In 1930, when Helmut Schnack took his father, Claus Jürgen Schnack, visiting America from Germany for the second time, to see the older man’s brother, Henry, who lived between Low Moor and Clinton, his father commented on the long road along which his brother’s farm was located.
He observed that the road was much longer than the sea lane from Hamburg to New York by which he had recently traveled on the ship. According to the journals he kept of his trips, he wrote in 1891-1892, and again in 1930, that it was the “main paved highway” of America, going all the way across the United States from New York to San Francisco.
Claus Jürgen Schnack was my children’s great grandfather, so I read with intense interest his journals recently published in book form with lots of photos, by Anne Schnack Bousselot. Fantastic job, Anne!
It was the 1930 journal in which I read his comments about the “main paved highway.” The Lincoln Highway is that to which he referred. The significance of the Lincoln Highway has held with me almost since infancy, so his words struck a chord.
I suppose it was because as a very little child, I sat on the front lawn of Grandpa Bohn Hoffmann’s last home, located just a bit south of DeWitt on the site where DeWitt Travel Mart stands today, and where the stoplight for the three-way intersection with Industrial Street is. Perhaps the road to the east at that stoplight was once Grandpa’s driveway; it seems to be in the same location.
As I sat playing with my older sister on Grandpa’s lawn, picking clover blossoms, I was fascinated by the huge billboard located just on the other side of Grandpa’s fence. In huge letters it pronounced, “Welcome to DeWitt, Crossroads of the Nation.”
DeWitt was boasting that the only two transcontinental highways of the country intersected right there in its town center — near where our water tower now stands. The old crossing of Lincoln Highway and U.S. Highway 61, today is marked by the crossroads emblem embedded in the pavement.
Research has shown that in ensuing years, several places in this country have taken the same title for the roads near them, but this was the first, and our town can lay claim to that! Although I have been unable to find photos, the billboard lingers strong in my mind. I wonder when and why it was removed.
As for Claus Jürgen Schnack, who returned to Germany, before he would have known it, someday his sons and grandsons would be living along that same “main paved highway” by Malone, and that their very location had once been instrumental in the actual building of that highway near DeWitt.
Malone, Iowa, where Chuck and Sandy Matthiesen have their butchering and luscious catering business today, was much more thriving in the old days, and the railroad which passes through there wasn’t just a fly-by as it is now. It maintained areas for shipping cattle and other business dealings.
For the building of Lincoln Highway, it constructed a narrow-gauge rail system connection whereby ingredients for the construction of the paving were loaded into its hoppers and transported to the construction site from its location by Malone. In old photos can be seen the railway, the unloading of the narrow-gauge hopper cars, and the rigs that mixed the cement and deposited and paved it on site.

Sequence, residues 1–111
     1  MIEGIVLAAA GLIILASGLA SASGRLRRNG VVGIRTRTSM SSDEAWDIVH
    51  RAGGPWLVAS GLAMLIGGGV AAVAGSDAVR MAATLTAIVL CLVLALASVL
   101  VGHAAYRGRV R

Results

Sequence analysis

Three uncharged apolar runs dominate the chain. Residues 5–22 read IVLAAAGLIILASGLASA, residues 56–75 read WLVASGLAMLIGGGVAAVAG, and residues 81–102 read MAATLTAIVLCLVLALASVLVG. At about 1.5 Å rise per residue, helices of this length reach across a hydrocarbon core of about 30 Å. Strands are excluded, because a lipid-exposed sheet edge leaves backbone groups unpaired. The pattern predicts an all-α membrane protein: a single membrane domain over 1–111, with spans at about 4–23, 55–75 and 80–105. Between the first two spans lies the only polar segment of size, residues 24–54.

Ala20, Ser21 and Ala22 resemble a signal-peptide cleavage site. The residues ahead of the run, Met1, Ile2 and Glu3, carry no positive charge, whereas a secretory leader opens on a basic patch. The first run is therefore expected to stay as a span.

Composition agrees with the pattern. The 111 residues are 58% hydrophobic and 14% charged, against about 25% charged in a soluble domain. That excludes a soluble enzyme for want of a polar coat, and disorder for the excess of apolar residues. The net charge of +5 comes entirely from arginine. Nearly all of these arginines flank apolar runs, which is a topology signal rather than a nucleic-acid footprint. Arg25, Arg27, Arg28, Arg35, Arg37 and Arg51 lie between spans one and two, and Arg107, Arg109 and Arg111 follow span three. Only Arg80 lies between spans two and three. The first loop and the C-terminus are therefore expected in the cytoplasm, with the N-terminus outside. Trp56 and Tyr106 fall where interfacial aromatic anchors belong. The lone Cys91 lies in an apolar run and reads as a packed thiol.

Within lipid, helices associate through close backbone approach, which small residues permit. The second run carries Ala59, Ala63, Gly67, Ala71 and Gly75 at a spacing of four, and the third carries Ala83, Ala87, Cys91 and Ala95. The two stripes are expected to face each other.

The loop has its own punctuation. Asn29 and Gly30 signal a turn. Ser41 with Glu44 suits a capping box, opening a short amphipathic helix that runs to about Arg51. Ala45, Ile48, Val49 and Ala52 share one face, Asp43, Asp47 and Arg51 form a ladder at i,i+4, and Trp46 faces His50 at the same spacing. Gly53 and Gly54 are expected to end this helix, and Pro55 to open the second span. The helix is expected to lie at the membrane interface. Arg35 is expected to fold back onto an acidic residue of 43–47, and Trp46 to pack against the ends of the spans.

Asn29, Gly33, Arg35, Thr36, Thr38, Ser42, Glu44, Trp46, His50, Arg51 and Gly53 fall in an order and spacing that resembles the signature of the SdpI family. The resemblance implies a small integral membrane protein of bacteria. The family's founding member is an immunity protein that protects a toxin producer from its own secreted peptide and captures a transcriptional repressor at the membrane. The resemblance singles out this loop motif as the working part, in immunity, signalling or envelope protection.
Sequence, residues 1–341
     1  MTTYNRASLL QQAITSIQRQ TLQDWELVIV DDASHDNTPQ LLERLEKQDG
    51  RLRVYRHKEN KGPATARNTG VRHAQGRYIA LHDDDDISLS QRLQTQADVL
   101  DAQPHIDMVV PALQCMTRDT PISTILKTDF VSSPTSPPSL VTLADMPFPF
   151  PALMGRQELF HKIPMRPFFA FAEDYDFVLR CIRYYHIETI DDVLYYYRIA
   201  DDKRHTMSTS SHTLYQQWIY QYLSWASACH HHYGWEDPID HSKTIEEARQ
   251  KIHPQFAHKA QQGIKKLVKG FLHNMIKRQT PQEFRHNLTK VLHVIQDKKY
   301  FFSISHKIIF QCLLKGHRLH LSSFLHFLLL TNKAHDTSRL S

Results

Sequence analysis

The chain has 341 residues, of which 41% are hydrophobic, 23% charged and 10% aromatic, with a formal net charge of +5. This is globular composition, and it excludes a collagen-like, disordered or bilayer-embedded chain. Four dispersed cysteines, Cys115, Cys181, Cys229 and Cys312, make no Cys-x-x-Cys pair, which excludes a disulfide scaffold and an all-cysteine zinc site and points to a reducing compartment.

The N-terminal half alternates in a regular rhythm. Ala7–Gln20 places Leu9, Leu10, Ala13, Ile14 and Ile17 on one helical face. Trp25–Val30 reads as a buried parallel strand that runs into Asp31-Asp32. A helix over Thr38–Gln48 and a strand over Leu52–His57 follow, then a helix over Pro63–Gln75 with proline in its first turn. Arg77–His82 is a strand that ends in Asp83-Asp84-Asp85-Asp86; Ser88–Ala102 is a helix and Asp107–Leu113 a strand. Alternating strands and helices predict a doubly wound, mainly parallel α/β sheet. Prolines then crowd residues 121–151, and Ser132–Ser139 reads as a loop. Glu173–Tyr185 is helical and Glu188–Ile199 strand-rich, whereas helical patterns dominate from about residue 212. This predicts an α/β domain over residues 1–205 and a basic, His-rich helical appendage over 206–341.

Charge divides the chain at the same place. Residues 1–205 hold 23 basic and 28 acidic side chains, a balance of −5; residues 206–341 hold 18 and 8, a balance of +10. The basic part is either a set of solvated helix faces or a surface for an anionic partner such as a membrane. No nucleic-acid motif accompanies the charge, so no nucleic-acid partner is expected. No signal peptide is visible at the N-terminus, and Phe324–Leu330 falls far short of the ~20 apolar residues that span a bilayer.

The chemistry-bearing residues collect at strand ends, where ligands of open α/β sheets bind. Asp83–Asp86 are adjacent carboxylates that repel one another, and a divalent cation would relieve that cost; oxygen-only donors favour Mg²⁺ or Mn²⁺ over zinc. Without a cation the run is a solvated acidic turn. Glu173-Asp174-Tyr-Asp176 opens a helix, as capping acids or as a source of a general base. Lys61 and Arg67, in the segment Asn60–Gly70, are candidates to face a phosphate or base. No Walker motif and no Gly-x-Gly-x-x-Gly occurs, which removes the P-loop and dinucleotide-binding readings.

Today, vehicles of all sorts zoom along our Lincoln Highway — renamed in 1925 as U.S. 30 to adhere to the federal numbering system required of all U.S. roadways — past mile marker 319 at Malone, Iowa, on a four-lane divided highway that stretched across continental United States, unaware of the history, the tough manual labor to build Lincoln Highway, and how much farmland and homestead property was ultimately consumed by the addition of those extra two lanes and the divider. Those additions made the road tremendously less muddy and bumpy than the one the settlers had to contend.
The photos show first, the narrow-gauge railroad configuration at Malone, behind what is now the Schnack Farm, and its cars filled from the main train to carry up to the paving rigs. They show the supplies needed to construct that portion of Lincoln Highway (by the way, so named in honor of President Lincoln because he united the nation, as the new transcontinental highway was meant to do, instead of the original label of Coast to Coast Rock Highway).
The other photos I found show rigs and crews from 99 years ago in 1921, as they labored just east of DeWitt.
The local history of the Lincoln Highway is fascinating. It’s good to learn of it and appreciate it. Most of those present when it was built are surely gone, and it is up to us to help preserve it, yet soon we’ll be gone. The older one gets and closer to leaving, apparently, the more important one’s history becomes.
Wesley Fox, of Wheatland, has collected wonderful photos not only of building the Lincoln Highway there, but also the Wheatland area itself. Anne Schnack Bousselot is now doing amazing work on Clinton County country roads, and most certainly at the forefront in preserving our heritage is Ann Hazen Soenksen and the volunteers at the Central Community Historical Society right here in DeWitt, on Sixth Avenue, on historical Main Street.